Words: pastify, v.

THERE ARE two ways of getting a newly minted word into circulation. One is to slip it into talk or writing, and see what its merits and serendipity bring about; the other is to nudge it along with quotation-marks, but that looks like touting one's wares, as in the Cambridge don Stefan Collini's recent English Pasts: "The explosion of popular interest in recent decades is what can only be called `pastifying'. Few areas of British life seem untouched by this mania for revival, restoration, conservation, and imitation."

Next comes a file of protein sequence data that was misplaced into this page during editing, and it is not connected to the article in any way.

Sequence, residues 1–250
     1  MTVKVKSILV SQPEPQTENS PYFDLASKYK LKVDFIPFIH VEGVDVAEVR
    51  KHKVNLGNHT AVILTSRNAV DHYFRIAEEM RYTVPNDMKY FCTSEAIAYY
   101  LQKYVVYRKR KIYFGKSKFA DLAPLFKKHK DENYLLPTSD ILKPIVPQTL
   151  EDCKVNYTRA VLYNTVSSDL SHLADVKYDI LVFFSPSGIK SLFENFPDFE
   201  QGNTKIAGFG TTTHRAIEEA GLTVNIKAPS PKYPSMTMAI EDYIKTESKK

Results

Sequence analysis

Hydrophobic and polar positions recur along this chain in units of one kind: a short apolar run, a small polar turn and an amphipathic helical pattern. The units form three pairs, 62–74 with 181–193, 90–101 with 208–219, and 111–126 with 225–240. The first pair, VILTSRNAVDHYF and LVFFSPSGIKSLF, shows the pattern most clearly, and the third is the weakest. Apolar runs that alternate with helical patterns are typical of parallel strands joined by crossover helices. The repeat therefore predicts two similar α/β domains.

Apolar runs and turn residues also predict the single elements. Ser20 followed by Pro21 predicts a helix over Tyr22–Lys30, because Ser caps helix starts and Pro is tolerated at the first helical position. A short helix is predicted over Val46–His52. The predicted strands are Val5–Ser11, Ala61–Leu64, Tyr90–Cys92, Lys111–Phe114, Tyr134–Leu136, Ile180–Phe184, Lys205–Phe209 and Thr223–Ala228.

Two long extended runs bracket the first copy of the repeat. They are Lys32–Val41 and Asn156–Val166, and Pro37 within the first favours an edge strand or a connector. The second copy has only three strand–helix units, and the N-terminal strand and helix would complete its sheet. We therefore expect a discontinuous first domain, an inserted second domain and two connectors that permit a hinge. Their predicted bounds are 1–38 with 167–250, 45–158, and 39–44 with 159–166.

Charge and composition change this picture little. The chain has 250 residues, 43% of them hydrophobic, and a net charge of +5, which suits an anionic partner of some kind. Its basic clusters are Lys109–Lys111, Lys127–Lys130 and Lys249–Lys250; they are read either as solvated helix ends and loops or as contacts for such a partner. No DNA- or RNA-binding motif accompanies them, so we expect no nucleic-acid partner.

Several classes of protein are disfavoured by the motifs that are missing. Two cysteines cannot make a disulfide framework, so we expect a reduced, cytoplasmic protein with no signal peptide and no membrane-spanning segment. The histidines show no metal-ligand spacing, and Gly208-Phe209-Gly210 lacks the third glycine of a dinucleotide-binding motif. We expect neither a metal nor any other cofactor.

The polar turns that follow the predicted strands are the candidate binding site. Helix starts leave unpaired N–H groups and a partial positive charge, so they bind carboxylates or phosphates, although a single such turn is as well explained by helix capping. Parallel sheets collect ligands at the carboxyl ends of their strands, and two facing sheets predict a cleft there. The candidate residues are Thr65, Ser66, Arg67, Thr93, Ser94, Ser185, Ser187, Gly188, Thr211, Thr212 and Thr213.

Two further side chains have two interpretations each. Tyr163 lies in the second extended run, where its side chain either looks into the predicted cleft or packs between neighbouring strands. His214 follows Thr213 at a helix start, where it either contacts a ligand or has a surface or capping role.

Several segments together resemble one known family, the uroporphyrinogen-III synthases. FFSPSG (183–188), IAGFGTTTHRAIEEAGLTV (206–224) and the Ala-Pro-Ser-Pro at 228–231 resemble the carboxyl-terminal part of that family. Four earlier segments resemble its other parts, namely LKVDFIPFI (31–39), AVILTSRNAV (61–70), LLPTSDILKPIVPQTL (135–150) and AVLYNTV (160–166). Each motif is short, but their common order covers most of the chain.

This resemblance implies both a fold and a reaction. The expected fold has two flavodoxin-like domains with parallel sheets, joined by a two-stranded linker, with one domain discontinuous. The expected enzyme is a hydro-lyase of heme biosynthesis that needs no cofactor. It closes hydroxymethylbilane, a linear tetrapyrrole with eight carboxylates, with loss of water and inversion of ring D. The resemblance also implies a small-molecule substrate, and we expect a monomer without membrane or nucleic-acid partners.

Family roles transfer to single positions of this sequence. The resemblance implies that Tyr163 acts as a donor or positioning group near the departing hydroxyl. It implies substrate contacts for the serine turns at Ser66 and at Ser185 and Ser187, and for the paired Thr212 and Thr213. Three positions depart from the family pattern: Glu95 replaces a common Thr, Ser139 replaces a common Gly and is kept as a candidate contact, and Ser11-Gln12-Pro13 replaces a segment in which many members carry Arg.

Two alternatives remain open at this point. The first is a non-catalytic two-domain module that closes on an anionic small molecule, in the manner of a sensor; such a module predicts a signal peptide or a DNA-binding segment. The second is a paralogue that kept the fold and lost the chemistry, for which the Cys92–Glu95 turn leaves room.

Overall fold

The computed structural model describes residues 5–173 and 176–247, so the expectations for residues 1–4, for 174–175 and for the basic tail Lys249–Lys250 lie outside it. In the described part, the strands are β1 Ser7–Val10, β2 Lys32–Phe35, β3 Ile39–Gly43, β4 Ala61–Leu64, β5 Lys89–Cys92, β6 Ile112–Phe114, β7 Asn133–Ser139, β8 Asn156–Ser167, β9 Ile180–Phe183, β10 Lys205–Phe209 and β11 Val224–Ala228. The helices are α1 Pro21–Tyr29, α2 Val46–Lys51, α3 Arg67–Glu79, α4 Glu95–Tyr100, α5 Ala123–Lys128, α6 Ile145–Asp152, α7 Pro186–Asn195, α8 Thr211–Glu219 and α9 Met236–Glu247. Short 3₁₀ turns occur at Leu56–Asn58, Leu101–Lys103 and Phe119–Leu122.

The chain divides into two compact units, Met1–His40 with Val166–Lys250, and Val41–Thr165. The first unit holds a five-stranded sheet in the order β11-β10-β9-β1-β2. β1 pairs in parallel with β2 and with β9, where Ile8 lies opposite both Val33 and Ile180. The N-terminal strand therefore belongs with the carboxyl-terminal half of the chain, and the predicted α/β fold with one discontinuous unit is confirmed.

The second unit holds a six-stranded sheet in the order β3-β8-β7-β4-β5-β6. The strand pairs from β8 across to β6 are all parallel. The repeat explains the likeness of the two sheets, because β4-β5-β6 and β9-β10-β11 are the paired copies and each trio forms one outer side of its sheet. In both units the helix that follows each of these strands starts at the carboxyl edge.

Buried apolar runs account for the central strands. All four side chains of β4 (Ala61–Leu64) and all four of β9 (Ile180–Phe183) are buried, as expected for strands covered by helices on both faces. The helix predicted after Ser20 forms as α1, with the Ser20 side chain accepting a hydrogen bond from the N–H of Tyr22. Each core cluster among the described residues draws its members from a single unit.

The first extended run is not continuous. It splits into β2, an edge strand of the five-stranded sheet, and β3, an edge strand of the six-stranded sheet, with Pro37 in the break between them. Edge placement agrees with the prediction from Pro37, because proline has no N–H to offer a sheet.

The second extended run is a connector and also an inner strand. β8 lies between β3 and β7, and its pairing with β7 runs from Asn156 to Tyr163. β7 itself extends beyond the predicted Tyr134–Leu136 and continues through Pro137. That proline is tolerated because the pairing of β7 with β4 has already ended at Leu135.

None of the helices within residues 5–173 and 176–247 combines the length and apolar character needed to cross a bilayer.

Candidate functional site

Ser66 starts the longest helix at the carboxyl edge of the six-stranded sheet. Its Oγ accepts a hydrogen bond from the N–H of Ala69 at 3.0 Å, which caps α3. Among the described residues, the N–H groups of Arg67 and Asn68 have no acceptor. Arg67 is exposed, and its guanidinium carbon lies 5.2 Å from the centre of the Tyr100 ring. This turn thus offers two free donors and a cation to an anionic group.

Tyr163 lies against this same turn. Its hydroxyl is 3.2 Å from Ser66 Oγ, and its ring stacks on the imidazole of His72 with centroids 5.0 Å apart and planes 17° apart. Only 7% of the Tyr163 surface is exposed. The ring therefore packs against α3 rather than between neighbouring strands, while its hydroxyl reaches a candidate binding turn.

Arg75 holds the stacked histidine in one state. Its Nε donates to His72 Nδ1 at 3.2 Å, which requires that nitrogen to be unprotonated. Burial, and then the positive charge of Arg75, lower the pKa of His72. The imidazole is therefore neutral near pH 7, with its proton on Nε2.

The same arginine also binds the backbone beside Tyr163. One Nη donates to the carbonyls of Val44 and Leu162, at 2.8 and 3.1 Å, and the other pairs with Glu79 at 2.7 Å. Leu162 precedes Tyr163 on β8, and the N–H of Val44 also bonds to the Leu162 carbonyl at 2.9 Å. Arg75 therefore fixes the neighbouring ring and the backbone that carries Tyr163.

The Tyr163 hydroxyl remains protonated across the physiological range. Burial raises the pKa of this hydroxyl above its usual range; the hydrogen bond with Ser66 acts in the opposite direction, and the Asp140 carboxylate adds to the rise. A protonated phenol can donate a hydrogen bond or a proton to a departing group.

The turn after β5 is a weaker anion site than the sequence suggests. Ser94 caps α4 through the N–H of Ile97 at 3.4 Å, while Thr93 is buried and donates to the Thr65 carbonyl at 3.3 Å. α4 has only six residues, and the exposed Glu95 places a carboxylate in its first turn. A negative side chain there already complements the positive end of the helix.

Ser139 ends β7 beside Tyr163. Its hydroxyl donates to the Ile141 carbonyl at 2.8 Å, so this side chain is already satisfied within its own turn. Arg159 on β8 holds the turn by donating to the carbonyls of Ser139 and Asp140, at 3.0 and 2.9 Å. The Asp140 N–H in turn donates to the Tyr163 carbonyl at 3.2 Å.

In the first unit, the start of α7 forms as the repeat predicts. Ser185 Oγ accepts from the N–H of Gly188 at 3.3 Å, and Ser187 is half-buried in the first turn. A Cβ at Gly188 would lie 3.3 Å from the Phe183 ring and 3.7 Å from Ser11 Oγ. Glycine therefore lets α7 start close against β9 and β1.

This essay in fact first appeared five years ago, and there is no sign that Collini's word has taken off, perhaps because, confusingly, it also suggests cookery, as in pastry (from the Greek for porridge, hence pate and pasta).